How could one come, if any experiances and understanding, to the idea that one in Jhana isn't able to walk, not to speak of to listen and talk?

Maybe there is a different between sitting, standing, walking, lying down?

And what did the Sublime Buddha taught and tell about it?

What would be the effect on Satipatthana is such ideas would be correct? Bond to sit, 7 days, weeks, month, years... or how would a living one quick react?

And refined: would an on-house-holder be able to undertake a jhanic walk-about? Could a wanderer of other sects, say one on the Jakobs-path gain 'accidently' Jhana while developing the Brahma-Viharas?


2 Answers 2


Based on Piya Tan's analysis of the sutta Venāga,pura Sutta (A 3.63) and his quote of the traditional commentaries, we can see that it's possible to sit, walk, stand or even recline while remaining in jhana attainment, up to the fourth jhana.

For full translation of the sutta by Piya Tan, please see Venāga,pura Sutta (A 3.63). For alternative translations by Ven. Sujato and Ven. Bodhi, please see SuttaCentral's AN 3.63.

While in the (Sangha) Uposatha Sutta (A 4.190), the Buddha describes the mental state of the saints in general, “Bhikshus, there are monks in this community of monks who dwell having attained the state of devas... the state of brahmas... the imperturbable... the state of noble ones,” in the Venāga,pura Sutta, the Buddha describes his own mental state, but omitting mention of the formless attainments (ānejja-p,-patta).

The Buddha says that he attains these states “whenever I like, with neither difficulty nor trouble.” The Commentary explains that “(attains) with neither difficulty,” that is, “(attains)without difficulty” (akicchā,lābhi), means that it is attained “without unsatisfactoriness” (adukkha,lābhī), that is, painlessly. The phrase “nor trouble,” that is, “without trouble,” means “obtaining abundantly” (vipula,lābhī) (AA 2:293). These words come from a popular stock passage on the saint’s ease at attaining dhyana, thus:

Here and now, attaining to the four dhyanas, the higher mind, as he wishes, without any difficulty, without any trouble [in abundance], he dwells happily.

The Buddha adds that when he is in each of those states (evam,bhuta), whether he is sitting, walking, standing or reclining, he is similarly in a state that is heavenly (dibba), or perfect (brahma), or noble (ariya). In connection with the first two states — the heavenly and the perfect — the Commentary says:

Having attained the four dhyanas, he does the walking, that is, the “heavenly walk.” Having arisen from the attainment, too, he does the walk. Standing and the rest, too, are like that. (AA 2:294)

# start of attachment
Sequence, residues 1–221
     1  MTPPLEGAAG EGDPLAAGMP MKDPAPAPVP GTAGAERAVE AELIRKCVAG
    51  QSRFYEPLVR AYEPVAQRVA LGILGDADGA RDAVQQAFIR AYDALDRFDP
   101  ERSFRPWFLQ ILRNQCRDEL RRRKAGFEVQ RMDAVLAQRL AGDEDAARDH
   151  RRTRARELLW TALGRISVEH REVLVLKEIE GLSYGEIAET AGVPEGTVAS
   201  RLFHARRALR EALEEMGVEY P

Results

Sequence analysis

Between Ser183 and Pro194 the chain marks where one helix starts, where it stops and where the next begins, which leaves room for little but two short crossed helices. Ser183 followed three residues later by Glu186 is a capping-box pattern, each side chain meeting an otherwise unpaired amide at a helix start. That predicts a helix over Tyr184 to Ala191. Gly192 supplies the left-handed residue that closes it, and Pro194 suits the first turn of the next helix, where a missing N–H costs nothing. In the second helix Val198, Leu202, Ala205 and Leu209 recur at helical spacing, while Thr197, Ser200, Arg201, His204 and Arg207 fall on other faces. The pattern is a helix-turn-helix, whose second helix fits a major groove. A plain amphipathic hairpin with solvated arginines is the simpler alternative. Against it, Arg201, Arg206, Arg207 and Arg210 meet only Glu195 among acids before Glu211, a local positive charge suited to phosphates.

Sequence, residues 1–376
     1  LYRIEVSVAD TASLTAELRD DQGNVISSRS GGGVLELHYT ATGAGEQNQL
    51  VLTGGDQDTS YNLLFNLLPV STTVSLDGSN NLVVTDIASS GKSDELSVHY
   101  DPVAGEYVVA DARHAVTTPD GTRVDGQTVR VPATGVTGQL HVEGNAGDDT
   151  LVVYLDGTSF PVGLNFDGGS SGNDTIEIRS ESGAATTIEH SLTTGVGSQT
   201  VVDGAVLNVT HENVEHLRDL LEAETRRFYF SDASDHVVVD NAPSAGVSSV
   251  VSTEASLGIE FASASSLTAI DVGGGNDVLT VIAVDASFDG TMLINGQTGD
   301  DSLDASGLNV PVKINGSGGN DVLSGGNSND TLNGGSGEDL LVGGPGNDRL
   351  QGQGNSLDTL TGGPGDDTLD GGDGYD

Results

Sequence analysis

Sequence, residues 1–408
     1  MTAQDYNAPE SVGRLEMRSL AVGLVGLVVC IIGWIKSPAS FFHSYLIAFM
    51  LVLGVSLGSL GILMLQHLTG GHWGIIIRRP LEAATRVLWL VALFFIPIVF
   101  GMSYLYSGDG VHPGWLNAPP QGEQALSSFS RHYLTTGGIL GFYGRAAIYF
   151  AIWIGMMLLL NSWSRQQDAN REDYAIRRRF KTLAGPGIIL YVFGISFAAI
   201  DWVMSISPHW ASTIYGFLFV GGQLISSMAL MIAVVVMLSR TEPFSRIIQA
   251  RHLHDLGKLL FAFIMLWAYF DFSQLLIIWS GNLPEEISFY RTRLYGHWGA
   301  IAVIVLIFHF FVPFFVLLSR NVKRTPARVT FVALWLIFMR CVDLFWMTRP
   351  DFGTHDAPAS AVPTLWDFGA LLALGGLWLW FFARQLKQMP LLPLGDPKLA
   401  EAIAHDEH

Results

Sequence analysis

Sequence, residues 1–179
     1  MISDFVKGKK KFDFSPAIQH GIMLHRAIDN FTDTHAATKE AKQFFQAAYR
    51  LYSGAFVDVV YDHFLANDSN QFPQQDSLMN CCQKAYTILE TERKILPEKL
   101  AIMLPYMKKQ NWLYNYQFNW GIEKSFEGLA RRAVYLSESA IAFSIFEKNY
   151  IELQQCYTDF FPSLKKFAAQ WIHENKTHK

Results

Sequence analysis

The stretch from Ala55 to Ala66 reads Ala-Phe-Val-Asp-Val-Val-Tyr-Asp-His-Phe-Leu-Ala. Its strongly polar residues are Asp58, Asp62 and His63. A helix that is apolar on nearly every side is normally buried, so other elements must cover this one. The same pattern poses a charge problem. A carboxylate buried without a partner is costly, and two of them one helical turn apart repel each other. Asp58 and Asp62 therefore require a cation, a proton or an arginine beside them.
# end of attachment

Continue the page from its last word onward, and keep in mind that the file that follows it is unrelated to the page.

In this exegesis, supramundane dhyana (lok’uttara jhāna) is meant, that is, the dhyana of the Buddha and the arhats, who can conduct their daily lives, even sleep, in dhyana. Moggallāna, for example, could at once get into the fourth dhyana to perform various psychic wonders.

Venāga,pura Sutta (A 3.63)


Acting postures base on five strings, color sound smell taste and body-feeling (temperature hardness movement) because we can't do any physical acting without five senses, so acting postures are the opposite of Jhana directly according to MN13 MahadukkhakkhandhaSutta.

You can try it, taping your eyes and stuffing your ears then run. And you can understand it by memorizing the 4th chapter of AbhidhammatthaSangaha, mind processing chapter.

However, it is possible to walk with Jhana by the genius people who practice each Jhana again and again until getting Jhana Mastery level (vasi).

How they can do it?

They switch the mind process with unimaginable speed.

Attaining Jhana a few millisecond then thinking of five strings a few millisecond to walk then attaining Jhana... switching like this until the end of walking.

This is why MN22 putting Posture section after Anapanassati section, and DN10 Subhasutta putting Posture sub-section after IndriyaSamvara sub-section in AdhiCittaSikkha main-section.

Also, KN Kuddakapatha MettaSutta...

And let him too with love for all the world

Maintain unbounded consciousness in being

Above, below, and all round in between,

Untroubled, with no enemy or foe.

And while he stands or walks or while he sits

Or while he lies down, free from drowsiness,

Let him resolve upon this mindfulness:

This is Skillful Practitioner here, they say.

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